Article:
Boeing P-26 Peashooter 1/24 Scale Mahogany Model
Introducing the pre-built Boeing AP26T mahogany model. This 1/24 scale model was handmade with precision and accuracy to produce the finest model that will be the centerpiece of your collection for years to come. This model is a perfect gift for pilots and aviation enthusiasts alike. Not too big or too small, this model features a wingspan of 14 inches and a length of 12 inches. This model features a very accurate paint scheme with realistic panel lines.
About this Model:
Your model will be delivered exactly as shown in the photographs with the exact same paint scheme. The stand shown in this photograph may vary or change with the model you receive. If you would like to change this model in any other way, please visit the Custom Model section of our website to commission a customized model to be built.
History of the P-26:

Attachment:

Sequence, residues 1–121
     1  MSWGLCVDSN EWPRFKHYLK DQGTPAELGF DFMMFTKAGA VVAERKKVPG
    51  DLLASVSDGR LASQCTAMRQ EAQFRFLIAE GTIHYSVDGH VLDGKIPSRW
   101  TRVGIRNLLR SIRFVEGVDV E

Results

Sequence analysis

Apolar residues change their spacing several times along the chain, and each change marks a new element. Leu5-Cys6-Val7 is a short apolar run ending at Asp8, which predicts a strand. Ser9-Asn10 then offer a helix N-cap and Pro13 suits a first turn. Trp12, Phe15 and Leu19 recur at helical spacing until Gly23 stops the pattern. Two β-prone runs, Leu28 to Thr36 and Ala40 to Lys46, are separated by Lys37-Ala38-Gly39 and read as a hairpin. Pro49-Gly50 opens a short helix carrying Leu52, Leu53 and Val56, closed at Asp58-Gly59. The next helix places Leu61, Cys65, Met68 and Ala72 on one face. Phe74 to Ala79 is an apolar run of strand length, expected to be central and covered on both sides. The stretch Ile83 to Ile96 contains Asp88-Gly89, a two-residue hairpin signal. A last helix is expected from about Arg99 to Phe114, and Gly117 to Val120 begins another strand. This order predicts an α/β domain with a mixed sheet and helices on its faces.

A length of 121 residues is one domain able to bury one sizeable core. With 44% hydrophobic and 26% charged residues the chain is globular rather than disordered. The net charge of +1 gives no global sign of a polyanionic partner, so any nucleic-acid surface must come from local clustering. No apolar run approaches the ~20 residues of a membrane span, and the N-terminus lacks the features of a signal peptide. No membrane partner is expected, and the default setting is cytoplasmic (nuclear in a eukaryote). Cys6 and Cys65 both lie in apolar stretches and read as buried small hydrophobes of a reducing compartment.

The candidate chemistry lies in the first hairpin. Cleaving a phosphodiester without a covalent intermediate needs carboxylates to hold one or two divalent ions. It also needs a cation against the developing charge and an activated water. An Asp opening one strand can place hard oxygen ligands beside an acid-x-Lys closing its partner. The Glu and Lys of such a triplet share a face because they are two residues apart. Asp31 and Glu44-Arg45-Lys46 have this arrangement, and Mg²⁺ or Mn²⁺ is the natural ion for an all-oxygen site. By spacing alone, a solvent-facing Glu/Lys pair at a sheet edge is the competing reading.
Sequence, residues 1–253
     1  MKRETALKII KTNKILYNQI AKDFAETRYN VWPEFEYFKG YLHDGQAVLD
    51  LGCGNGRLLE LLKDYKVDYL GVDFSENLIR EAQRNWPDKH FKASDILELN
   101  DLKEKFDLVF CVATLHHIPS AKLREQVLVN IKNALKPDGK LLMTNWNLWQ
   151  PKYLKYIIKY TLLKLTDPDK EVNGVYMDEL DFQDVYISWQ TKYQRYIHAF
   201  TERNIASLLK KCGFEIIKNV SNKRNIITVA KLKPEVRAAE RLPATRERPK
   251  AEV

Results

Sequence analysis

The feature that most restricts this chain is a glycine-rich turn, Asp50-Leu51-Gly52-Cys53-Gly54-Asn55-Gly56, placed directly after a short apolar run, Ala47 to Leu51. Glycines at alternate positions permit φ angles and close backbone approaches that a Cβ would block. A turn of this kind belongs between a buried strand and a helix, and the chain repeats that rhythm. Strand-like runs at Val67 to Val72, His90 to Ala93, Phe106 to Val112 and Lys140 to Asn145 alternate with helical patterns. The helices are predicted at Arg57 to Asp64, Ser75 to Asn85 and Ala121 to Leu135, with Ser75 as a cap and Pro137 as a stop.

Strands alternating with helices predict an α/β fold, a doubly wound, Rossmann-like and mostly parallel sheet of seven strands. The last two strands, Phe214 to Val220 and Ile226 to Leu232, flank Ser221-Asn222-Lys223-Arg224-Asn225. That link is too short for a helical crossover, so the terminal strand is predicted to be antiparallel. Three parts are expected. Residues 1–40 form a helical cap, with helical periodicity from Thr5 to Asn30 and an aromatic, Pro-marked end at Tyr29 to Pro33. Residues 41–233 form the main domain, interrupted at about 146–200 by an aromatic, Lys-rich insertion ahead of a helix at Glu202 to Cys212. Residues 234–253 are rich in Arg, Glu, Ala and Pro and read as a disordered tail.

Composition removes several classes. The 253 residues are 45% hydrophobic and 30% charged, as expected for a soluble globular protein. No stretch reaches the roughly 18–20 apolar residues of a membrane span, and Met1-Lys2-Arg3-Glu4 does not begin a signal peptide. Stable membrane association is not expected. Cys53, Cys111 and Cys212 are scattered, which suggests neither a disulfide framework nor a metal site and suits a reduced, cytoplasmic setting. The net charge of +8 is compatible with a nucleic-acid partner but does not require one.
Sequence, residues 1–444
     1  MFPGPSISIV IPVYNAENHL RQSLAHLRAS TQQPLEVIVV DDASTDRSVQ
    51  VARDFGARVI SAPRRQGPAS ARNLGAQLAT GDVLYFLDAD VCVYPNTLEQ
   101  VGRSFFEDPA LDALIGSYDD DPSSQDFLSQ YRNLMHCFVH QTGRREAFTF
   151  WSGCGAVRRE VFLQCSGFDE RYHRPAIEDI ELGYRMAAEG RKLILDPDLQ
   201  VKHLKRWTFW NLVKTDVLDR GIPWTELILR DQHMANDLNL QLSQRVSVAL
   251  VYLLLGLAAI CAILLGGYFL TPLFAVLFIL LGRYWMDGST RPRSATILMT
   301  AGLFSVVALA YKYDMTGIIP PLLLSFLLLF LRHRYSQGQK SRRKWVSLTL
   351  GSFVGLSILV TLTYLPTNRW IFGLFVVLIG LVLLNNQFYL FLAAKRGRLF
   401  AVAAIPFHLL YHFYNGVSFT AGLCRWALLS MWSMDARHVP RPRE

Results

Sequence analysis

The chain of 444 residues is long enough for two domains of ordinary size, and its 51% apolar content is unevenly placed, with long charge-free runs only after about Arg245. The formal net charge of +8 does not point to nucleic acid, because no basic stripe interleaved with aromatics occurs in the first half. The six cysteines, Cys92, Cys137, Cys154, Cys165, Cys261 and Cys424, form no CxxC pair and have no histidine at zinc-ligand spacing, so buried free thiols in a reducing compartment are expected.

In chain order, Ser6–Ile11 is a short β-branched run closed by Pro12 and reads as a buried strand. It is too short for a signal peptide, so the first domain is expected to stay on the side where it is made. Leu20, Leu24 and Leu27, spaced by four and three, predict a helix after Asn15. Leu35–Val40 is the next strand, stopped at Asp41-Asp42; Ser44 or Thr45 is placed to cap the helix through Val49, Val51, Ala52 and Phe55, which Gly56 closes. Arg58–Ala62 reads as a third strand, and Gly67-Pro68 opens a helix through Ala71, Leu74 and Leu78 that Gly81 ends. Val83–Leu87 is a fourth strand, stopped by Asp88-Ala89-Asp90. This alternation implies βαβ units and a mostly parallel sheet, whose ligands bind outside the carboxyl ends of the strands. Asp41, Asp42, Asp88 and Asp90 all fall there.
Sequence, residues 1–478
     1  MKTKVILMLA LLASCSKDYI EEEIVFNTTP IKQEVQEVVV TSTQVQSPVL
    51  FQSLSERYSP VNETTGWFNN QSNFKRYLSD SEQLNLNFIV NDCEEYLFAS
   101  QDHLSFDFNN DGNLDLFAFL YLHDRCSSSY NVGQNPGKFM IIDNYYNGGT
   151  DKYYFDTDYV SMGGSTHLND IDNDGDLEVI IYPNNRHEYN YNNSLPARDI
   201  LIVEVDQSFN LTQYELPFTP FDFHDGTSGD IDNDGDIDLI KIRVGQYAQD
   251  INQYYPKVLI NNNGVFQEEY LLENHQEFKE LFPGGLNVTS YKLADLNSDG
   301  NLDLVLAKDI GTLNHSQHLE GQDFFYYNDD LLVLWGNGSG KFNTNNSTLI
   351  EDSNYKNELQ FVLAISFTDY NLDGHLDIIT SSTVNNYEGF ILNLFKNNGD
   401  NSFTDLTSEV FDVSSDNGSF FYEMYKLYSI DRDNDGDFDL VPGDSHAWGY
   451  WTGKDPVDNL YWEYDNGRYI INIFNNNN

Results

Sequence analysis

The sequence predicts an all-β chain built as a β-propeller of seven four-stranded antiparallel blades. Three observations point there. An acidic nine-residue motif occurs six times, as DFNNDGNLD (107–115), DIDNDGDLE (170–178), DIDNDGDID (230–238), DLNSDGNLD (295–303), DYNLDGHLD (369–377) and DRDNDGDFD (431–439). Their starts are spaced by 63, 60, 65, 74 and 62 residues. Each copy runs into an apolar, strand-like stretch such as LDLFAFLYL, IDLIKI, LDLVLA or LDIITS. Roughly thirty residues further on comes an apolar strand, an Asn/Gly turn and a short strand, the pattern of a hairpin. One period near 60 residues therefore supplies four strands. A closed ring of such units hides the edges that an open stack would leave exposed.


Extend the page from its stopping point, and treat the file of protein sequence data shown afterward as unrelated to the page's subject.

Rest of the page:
This collectible model Boeing P-12 represents a milestone for the U.S. military its first all-metal monoplane fighter. Painstakingly built from Philippine mahogany by our skilled craftsmen, this 1/24-scale model P-12 makes a great pilot gift or a present for any veteran, aviation enthusiast or history buff.
The P-26 Peashooter is an aircraft that represents a transition between the old and new. As the first all-metal monoplane in U.S. Service, it was clearly a sign of things to come yet it retained an open cockpit, fixed landing gear and wire-braced wings.
The Peashooter first flew on March 20, 1932, with service deliveries beginning in late 1933. The P-26 served as a U.S. front-line fighter until 1938, when it began to be replaced by Seversky P-25s and Curtiss P-36s. However, the P-26 saw combat in the early days of World War II by Chinese and Philippine air force pilots. Two P-26s continued to serve in the Guatemalan Air Force until 1956.
The P-26 Peashooter was an agile aircraft, a favorite of pilots. With a wingspan of 28 feet, and only 23 feet long, it could reach a top speed of 234 mph. It was armed with two machine guns and up to 200 pounds of bombs. Its long tubular gun sight in front of the cockpit led to the nickname Peashooter.